Writer and Director: Dorothy McDowell
Based on Thomas Hardy’s The Mayor of Casterbridge, Not The Way Forward’s new production begins confusingly. Some sort of auction is taking place, but the storytelling is not clear. What – or whom – is being sold is not completely obvious. And how could this happen in the 1980s? Unfortunately, over the next hour Casterbridge remains confusing.
Hardy is not usually thought of as one of the Victorian Sensation writers whose books were full of intrigue, cliff-hangers, bigamous marriages and illicit sexual desires, but his never-read first published novel, Desperate Remedies, is patently influenced by the literary genre. However, after watching Casterbridge it’s hard not to see its preposterous narrative of secret sons and secret mothers and secret letters and secret wills as pure Sensation.
But rather than leaving it in the 19th century, Not The Way Forward has updated it and placed the story in the noughties with the two main protagonists now hedge fund bankers. Michael Henchard is now Mary, and has a bitter rivalry with Devra Frafrae in both love and business. The rest of the plot is too silly and complicated to explain, its outlandishness heightened by the introduction of mobile phones, tabloid exclusives and scenes set on the central reservation of the M1.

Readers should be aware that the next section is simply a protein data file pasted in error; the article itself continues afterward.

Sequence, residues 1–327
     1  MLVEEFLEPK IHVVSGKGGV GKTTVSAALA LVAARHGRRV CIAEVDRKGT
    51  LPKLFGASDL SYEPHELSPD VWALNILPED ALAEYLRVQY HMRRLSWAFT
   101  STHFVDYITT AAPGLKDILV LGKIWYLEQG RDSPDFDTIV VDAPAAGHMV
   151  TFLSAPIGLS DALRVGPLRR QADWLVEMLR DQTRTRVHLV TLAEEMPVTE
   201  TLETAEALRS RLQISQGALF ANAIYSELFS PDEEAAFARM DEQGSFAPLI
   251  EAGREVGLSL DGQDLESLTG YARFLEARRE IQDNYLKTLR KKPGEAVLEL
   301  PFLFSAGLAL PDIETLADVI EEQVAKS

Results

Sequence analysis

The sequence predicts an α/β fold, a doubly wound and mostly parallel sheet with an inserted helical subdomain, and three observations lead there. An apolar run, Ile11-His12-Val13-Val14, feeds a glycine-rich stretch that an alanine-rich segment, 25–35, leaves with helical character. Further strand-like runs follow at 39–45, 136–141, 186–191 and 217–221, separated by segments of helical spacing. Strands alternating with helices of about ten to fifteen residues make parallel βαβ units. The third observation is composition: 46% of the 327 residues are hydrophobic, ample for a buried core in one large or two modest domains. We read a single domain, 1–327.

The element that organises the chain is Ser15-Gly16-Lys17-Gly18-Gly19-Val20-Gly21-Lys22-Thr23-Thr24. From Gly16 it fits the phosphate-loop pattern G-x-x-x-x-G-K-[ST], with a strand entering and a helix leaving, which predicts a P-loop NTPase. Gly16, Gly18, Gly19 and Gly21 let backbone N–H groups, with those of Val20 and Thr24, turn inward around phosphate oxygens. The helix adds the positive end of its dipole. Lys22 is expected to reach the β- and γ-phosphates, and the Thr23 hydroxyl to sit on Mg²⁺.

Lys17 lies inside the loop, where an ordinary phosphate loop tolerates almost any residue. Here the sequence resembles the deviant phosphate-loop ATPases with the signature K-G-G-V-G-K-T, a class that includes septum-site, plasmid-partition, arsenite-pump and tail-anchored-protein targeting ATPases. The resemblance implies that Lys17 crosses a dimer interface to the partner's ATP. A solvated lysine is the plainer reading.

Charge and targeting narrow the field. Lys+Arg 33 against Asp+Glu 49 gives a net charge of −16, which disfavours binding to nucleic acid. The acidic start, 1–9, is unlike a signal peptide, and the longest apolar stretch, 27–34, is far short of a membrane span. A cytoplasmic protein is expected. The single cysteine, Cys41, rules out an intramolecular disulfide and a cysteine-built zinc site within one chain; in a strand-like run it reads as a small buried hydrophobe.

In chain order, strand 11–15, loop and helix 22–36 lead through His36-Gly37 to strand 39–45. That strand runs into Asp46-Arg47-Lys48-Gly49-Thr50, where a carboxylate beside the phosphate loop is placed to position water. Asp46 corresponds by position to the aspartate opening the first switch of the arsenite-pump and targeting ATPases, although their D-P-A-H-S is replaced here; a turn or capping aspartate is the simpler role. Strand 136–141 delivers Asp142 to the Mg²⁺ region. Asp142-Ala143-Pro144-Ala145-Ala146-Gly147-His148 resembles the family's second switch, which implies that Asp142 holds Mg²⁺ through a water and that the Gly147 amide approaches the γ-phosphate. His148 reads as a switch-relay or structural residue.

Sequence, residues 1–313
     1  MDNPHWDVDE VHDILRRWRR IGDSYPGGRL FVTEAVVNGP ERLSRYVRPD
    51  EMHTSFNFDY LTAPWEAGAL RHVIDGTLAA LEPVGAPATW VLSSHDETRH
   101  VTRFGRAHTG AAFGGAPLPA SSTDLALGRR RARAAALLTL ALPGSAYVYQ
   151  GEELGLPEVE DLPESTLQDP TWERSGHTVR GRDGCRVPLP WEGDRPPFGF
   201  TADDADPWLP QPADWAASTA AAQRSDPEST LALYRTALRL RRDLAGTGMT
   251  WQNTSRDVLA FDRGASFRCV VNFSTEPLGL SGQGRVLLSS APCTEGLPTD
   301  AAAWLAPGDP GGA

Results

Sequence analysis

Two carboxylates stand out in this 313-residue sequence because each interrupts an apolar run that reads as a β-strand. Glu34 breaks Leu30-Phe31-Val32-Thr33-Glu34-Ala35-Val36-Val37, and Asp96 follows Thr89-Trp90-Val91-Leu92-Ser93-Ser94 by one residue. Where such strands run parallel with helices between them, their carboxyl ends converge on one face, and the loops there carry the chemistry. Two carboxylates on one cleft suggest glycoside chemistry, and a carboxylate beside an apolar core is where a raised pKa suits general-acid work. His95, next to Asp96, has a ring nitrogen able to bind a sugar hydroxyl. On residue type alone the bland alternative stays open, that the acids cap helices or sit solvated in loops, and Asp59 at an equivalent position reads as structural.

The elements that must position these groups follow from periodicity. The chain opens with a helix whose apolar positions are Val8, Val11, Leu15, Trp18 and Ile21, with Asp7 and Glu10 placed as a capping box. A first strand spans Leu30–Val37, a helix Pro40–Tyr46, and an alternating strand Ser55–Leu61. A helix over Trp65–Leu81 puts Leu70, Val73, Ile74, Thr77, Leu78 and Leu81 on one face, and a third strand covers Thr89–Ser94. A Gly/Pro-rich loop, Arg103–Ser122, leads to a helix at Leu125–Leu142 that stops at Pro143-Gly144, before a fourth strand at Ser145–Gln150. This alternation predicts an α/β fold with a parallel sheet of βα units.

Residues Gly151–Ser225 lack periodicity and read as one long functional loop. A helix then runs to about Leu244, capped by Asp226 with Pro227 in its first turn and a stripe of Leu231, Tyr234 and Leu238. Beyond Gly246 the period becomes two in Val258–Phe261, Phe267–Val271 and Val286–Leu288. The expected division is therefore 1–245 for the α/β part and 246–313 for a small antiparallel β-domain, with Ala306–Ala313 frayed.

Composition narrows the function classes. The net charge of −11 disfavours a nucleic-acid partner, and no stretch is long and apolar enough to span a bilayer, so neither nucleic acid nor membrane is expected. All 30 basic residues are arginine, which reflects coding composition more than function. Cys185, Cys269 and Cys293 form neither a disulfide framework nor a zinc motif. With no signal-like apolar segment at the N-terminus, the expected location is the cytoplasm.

With such a ridiculous story, you’d think the cast would have some fun with it. But instead of camping it up or framing the play in knowing irony, the four actors play it relatively straight, despite Lorelei Piper’s occasional asides to the audience. Only Leah O’Grady when she is playing the cad Luke Le Sueur seems to be having any fun. The rest of the cast struggles with the tone.
It’s hard to know what could fix this, but ultimately the play and its source material are the problems here, It’s high time we had a Hardy revival, but this effort won’t be be kick-starting it.
Runs until 15 August 2022
The Camden Fringe runs from 1-28 August 2022